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Oregon is on the verge of creating limits on campaign cash — without a ballot fight

Pictured in January 2024, House Majority Leader Julie Fahey, D-Eugene, right, and House Minority Leader Jeff Helfrich, R-Hood River, center, have played a key role in negotiating a deal that could lead to campaign contribution limits in Oregon. Dan Rayfield, Speaker of the Oregon House, is seen to the left.

Pictured in January 2024, House Majority Leader Julie Fahey, D-Eugene, right, and House Minority Leader Jeff Helfrich, R-Hood River, center, have played a key role in negotiating a deal that could lead to campaign contribution limits in Oregon. Dan Rayfield, Speaker of the Oregon House, is seen to the left.

Dirk VanderHart / OPB

Oregon lawmakers are on the verge of a remarkable feat: Passing limits on political giving that have support from Democrats, Republicans, good government groups and some of the state’s most prolific campaign donors.

On Tuesday night, top lawmakers in the state House introduced a revamped version of House Bill 4024, their proposal for instituting campaign finance limits.

The new bill contains a number of changes to a high-speed proposal that’s been negotiated and revised repeatedly in the space of the five-week legislative session. But it comes with one especially notable addition its authors have sought: Backing from good government groups that have been planning to put their own campaign finance proposal on the November ballot.

If the peace holds — and lawmakers can muscle the bill before the session adjourns in the coming days — the state would avoid an expensive and potentially ugly ballot fight later this year.

That outcome looked likely Wednesday, as the bill sped out of a legislative committee and then received a 52-5 vote in the House. It now goes to the Senate. Gov. Tina Kotek supports the bill, a spokesperson said.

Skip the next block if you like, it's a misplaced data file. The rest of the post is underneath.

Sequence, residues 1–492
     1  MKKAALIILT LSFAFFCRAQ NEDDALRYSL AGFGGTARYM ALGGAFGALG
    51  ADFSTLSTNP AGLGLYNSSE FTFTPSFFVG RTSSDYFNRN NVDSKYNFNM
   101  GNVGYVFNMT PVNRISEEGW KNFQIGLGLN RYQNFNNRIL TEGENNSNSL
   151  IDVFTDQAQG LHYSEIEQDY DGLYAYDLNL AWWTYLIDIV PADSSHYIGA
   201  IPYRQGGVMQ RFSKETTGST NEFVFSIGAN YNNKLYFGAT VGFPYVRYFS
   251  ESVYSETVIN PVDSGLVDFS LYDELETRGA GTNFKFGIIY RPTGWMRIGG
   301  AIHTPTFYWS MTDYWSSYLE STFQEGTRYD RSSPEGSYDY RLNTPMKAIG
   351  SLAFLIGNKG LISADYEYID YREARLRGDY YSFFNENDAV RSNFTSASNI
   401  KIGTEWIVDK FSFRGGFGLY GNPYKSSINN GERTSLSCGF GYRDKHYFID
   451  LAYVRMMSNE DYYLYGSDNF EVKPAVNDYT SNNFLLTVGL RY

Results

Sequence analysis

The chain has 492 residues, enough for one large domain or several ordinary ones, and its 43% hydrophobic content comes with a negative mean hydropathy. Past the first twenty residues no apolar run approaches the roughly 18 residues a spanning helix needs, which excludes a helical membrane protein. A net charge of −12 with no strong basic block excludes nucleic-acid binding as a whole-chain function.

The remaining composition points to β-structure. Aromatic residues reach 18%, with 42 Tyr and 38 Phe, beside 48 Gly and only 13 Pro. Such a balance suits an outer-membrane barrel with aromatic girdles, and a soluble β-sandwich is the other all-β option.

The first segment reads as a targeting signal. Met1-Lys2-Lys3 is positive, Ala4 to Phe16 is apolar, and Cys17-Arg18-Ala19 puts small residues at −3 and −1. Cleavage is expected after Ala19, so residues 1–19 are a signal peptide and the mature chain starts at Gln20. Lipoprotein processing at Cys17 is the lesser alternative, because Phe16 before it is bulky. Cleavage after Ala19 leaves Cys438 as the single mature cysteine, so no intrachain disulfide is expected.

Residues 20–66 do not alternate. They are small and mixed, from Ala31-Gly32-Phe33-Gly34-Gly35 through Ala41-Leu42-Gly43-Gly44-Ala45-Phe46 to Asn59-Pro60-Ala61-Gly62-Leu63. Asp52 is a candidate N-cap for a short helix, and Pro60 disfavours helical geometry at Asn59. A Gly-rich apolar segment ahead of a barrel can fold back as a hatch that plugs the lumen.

“This is a historic moment,” said Jason Kafoury of Honest Elections Oregon, one of the key groups behind the ballot measure push. “In the history of Oregon, the Legislature has never passed contribution limits. We are at the cusp.”

The negotiated agreement appeared in an amendment to HB 4024, introduced by House Majority Leader Julie Fahey, D-Eugene, and House Minority Leader Jeff Helfrich, R-Hood River. It builds off of two prior drafts that lawmakers heard public testimony on in recent weeks, but with some key changes.

Those include lower limits for so-called “small-donor committees,” political groups that accept no more than $250 from any individual per calendar year. The committees are expected to be used extensively by labor unions to support candidates and causes.

Under the new version of the bill, small-donor committees would be limited to giving statewide candidates the equivalent of $10 for every one of their donors. For state lawmakers and local elections, they could give $5 per donor. Both those provisions are lower than the limits initially floated in the bill, which would have let the committees give statewide candidates $33,000 for every 2,500 donors, and legislative or local candidates $16,500 for every 2,500 donors.

The negotiated bill also reduced the money that can be given to candidates from “membership organizations,” nonprofit organizations formed by business interests, advocacy groups, or any other interested party. They would now be limited to giving statewide candidates $26,400 per election, rather than $33,000. They could give legislative or local candidates $13,200.

Honest Elections Oregon also won changes that limit what kinds of entities can contribute to candidates.

The initial business and labor proposal said any “person” could donate $3,300 per election to a candidate. But “person” has a broad legal definition that includes corporations, clubs and other entities. The new bill narrows the groups allowed to contribute the same amount as an individual, but still permits corporations to give candidates up to $3,300 per election.

Limits would not kick in until January 2027.

The bill would also:

  • Attempt to stop the practice of incumbent lawmakers handpicking their successors. It would force incumbents to file for reelection no later than a week before the deadline for others to run. That’s a response to a practice of lawmakers waiting until the last minute to declare they won’t run, giving a leg up to allies who want to take their place.
  • Change state law to ensure that campaign contributions made in exchange for an official act are considered illegal bribery.
  • Allow local campaign finance systems, such as the city of Portland’s, to remain in place.

In total, Honest Elections and its allies negotiated 17 changes to the initial proposal labor and business groups introduced in February, according to a memo the group created to explain those tweaks.

The alterations were hammered out in extensive negotiations — mediated by Fahey’s office — that stretched through the weekend and were still occurring well into Tuesday afternoon.

The result is a bill that was praised as a fair compromise as it got a unanimous vote out of the House Rules Committee on Wednesday morning.